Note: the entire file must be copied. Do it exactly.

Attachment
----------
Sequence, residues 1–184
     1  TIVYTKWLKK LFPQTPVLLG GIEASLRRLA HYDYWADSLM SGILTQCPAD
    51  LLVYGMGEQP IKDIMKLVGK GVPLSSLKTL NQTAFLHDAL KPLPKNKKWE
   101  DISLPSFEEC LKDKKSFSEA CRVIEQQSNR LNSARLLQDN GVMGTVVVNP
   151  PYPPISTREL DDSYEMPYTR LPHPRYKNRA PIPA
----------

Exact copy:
Sequence, residues 1–184
     1  TIVYTKWLKK LFPQTPVLLG GIEASLRRLA HYDYWADSLM SGILTQCPAD
    51  LLVYGMGEQP IKDIMKLVGK GVPLSSLKTL NQTAFLHDAL KPLPKNKKWE
   101  DISLPSFEEC LKDKKSFSEA CRVIEQQSNR LNSARLLQDN GVMGTVVVNP
   151  PYPPISTREL DDSYEMPYTR LPHPRYKNRA PIPA